The state has no money. Certainly part of the reason is that the GOP made up a fake revenue forecast, and passed a budget knowing they’d never be able to raise the money they claimed. This is a topic of today’s legislative interim committee meeting.
But that’s only part of the story.
The state has no money because the GOP has been cutting or eliminating taxes at every turn, but never more so than when they last controlled two of the three branches of government, in 2003.
The GOPers, you see, believe they must give special tax shelters to their wealthy backers in return for campaign contributions. Not even when we have a major natural disaster: the state is burning down and the fire funds are long exhausted. Not even if health care home aides cost more. Not even if our schools are crumbling and our internet speed is on par with West Virginia.
Their “solution” now is not to raise money, but to sit back and force Montana to cut public services. Like health care for the working poor. Like child care for the working poor so they can go to work. Likes service for the poor with disabilities so they can take a shower. Like nursing home care and pretty much anything that comes before “to the poor, elderly, to the people with disabilities, or to foster kids.” Because, to Republicans, these people don’t matter (They care only enough to use these causes to get their names in the paper, but not enough to actually fund the programs they give lip service to).
You see, in 2003 Republicans passed massive tax giveaways for the wealthiest Montanans. In fact, they gave away $100 million in tax breaks the first year this went into effect alone. Nearly 1/2 of this went to people who earn more than $500,000 a year. If you’re making that much money, even these days, I’m sorry, you do not get to whine. These are the people who’ve been benefiting from the GOP policies. After 10 years, they’d given away more than a billion dollars, at the expense of the rest of us.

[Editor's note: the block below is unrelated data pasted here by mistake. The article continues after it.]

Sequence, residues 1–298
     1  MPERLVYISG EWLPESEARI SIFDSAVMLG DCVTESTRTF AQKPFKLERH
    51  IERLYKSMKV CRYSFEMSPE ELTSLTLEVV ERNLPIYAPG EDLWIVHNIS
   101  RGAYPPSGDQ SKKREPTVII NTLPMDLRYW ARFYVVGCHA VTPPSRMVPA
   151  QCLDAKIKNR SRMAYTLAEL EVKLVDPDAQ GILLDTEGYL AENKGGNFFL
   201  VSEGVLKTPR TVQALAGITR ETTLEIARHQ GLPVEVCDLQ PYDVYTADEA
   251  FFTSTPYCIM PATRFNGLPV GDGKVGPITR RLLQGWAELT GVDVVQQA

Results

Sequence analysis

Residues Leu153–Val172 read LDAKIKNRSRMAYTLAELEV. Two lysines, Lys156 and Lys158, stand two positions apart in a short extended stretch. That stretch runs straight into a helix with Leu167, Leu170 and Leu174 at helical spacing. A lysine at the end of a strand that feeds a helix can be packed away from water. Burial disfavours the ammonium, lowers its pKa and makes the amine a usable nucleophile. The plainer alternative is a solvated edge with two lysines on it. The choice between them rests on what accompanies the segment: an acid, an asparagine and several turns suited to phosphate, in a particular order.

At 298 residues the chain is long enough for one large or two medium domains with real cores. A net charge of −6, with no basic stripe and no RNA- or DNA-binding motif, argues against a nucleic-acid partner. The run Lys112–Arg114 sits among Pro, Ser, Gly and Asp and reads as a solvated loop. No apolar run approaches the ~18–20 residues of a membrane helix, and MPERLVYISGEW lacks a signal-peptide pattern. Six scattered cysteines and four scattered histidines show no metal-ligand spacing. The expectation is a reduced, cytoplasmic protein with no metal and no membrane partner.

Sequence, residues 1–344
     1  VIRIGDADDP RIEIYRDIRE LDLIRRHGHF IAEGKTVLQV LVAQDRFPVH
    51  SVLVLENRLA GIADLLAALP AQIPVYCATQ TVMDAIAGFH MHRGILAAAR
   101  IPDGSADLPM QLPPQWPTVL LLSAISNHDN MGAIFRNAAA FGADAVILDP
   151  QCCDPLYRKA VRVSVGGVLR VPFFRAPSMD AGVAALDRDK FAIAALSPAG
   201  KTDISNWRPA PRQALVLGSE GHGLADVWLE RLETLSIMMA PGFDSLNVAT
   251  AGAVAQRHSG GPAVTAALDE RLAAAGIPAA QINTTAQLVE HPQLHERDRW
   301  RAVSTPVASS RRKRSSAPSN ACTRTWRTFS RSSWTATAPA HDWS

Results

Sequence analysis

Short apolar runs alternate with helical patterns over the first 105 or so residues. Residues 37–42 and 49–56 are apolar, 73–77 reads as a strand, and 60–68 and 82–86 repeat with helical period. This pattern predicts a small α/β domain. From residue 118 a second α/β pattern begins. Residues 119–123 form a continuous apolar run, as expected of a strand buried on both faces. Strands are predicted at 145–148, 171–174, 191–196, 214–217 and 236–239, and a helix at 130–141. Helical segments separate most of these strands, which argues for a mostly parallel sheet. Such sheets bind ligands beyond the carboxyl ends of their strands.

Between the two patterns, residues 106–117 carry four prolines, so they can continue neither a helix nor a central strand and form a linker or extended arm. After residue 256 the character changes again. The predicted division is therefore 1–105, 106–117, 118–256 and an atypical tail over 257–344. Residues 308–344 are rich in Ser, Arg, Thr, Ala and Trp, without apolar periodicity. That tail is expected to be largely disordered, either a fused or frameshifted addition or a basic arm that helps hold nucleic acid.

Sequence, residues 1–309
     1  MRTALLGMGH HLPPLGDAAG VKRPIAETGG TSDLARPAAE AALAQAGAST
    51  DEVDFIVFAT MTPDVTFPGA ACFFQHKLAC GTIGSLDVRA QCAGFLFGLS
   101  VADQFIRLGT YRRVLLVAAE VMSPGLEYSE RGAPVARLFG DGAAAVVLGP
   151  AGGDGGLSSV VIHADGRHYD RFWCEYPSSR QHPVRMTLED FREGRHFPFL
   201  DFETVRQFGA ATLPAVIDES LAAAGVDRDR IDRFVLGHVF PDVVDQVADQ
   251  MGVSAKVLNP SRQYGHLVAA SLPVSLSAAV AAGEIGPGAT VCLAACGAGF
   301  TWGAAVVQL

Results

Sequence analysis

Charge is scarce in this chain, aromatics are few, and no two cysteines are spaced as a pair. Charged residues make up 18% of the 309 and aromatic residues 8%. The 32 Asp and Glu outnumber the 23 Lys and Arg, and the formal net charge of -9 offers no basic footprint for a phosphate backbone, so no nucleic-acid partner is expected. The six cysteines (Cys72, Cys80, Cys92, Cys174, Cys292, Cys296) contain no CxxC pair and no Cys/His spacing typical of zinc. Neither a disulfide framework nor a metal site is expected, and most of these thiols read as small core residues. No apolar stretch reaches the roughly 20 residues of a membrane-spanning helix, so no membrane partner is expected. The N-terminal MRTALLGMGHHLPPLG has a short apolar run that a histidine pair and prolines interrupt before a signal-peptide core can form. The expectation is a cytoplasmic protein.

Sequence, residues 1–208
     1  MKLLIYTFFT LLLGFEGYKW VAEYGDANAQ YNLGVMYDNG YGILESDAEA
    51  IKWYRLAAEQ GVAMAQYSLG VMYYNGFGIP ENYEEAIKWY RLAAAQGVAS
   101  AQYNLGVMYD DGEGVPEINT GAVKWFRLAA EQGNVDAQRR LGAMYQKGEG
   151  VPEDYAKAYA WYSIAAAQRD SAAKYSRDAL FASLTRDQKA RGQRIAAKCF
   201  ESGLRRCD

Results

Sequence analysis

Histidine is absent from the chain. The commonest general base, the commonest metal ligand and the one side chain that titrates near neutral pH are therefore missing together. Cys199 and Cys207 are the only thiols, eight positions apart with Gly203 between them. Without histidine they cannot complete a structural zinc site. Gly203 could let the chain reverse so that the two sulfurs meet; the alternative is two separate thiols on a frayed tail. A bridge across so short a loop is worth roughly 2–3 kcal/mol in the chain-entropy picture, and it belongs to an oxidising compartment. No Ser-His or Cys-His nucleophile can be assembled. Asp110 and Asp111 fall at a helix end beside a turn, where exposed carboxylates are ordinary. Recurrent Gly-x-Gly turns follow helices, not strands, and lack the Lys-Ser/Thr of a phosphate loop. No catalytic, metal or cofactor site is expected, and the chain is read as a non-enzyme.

What exactly is so wrong about correcting the imbalance by asking the wealthiest of the wealthy for more money when a million acres of our state is literally burning down, or so that people who make a TENTH or less of what they earn can see a doctor, or go to work without leaving their kid at an unlicensed drop-in day care run out of their neighbor’s garage?
Sure, there would be the usual crap arguments against reforming the public revenue structure:
“If you tax the wealthy, you see, you’ll hurt all the small businesses! The poor small businesses! The poor family farms! The poor, poor Galt industrial complex! The people that create the jobs! Can’t hurt the small businesses! Stop it, you’re hurting the family farms!”
No, you can’t just exempt the small businesses and family farms. Gotta lump them in with Arch Coal and Charter Communications worth billions when tax-time rolls around.
I guess I am starting to get tired of GOP cowards hiding behind hollow straw man arguments to protect their own big corporate donors. (And by the way, if small businesses and family farms are affected by fixing personal income taxes, that means one of two things. Either the small businesses and family farms are idiots for filing under personal income tax laws, or the small business and family ag tax laws need to be fixed. Nothing can be done about the former, but if legislative leadership really cared about this issue, it turns out that they do, actually, wait for it…write our state’s tax code. They could actually choose to fix it. But they won’t because they’d lose their cover for protecting not just big tobacco executives and the Smith River mining company investors, but also RioTinto and Charter Corp.
P.S. How many times to we have to study it to know that tax giveaways don’t create jobs.